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Ethiopia’s federal experiment and the political trajectory is key to understanding the worsening ethnic conflicts and its conflict management capacity of the current African State. The country has become one of the fastest growing regional hegemonies in the world. However, Ethiopia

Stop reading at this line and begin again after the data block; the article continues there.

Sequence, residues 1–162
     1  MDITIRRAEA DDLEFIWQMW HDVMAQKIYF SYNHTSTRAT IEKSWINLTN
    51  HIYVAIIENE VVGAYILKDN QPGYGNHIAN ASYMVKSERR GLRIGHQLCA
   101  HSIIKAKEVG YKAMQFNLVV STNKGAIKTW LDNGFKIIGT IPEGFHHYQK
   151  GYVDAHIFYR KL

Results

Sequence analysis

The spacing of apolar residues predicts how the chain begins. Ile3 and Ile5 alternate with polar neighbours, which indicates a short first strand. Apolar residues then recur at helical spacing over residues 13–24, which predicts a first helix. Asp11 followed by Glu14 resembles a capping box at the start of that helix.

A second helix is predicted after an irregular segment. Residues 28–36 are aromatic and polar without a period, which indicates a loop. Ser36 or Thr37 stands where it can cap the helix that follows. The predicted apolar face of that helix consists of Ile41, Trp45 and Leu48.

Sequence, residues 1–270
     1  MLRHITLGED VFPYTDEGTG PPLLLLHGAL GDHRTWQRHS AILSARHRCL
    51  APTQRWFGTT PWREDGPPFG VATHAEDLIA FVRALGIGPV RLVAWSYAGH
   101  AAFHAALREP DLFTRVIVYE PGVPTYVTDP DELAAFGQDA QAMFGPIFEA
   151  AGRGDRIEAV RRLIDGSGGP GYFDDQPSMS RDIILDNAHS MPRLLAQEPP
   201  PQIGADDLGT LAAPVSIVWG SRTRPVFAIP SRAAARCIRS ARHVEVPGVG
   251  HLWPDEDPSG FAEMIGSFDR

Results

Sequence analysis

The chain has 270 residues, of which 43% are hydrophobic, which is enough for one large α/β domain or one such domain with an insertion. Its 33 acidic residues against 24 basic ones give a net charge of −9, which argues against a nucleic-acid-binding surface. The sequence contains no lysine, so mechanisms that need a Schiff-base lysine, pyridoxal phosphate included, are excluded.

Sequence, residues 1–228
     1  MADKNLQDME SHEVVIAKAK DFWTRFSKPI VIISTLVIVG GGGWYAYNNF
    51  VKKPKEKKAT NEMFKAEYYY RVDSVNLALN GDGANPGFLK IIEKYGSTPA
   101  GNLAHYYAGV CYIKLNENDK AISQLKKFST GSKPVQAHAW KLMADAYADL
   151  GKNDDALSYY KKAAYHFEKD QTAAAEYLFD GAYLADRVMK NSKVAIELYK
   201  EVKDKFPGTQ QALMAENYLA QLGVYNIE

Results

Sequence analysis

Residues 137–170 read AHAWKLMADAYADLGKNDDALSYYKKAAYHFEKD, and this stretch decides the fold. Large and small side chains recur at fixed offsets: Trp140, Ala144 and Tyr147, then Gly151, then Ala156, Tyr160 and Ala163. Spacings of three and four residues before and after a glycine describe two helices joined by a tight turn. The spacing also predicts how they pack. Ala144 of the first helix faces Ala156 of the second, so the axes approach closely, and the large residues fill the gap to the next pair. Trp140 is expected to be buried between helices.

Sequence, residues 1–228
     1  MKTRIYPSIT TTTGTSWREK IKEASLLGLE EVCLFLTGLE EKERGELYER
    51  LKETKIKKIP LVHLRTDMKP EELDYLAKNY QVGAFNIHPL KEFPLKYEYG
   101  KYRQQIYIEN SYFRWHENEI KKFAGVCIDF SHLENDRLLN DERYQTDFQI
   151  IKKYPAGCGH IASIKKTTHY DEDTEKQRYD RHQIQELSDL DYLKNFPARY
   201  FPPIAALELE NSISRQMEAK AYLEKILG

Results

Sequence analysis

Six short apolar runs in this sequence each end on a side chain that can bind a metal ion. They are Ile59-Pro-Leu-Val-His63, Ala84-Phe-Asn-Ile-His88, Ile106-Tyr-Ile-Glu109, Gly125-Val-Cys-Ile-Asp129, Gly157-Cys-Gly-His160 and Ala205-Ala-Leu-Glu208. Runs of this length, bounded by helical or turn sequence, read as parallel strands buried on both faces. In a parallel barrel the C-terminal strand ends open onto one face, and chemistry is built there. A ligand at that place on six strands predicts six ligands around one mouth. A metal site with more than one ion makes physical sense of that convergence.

has been hit by growing and deadly inter-ethnic conflicts, which begs critical analysis of the underlying historical (colonial politicisation of ethnicity) and the contemporary geopolitical conditions that have affected the democratisation process. Central to this paper, though, is the need to interrogate why the politics of carving out ethnicity has led to such civil unrest in Ethiopia while in other countries such as South Africa and Nigeria, it has not, and to suggest policy ideas in the heated political and policy debate. Comparative literature review is the method of the study. Analysing the Ethiopian experience provides a unique case study as it is a country that has experienced minimal or no colonial annex. The main research question is: Why has the practice of federalism failed in Ethiopia or at least created ethnic divides while in other African countries such as South Africa, it has not. To this end, the author also considered: Ethiopian People’s Democratic Front’s (EPRDF) post-1995 statehood and state-building project that has established a de facto developmental state approach; the primacy claims of class versus ethnicity questions; and the ethnicity politics in Ethiopia that seems to have reversed some of the gains achieved by the 1995 Federal Constitution. The paper argued that the brief period in which Ethiopia stayed Italy’s colony had little to do with the ethinicisation of politics and the current ethnic tension in Ethiopia, which is rather the result of the heightened rhetoric of pre-1991 Ethiopia as ‘a prison of ethnicities’ and politicisation of ethnicity is found to bear on the problems in the conflict management through federal arrangement. Overall, the finding indicated that the politicisation of ethnicity in Ethiopia continues to negatively impact on the social contract and threatens it with an eminent Balkan-style split.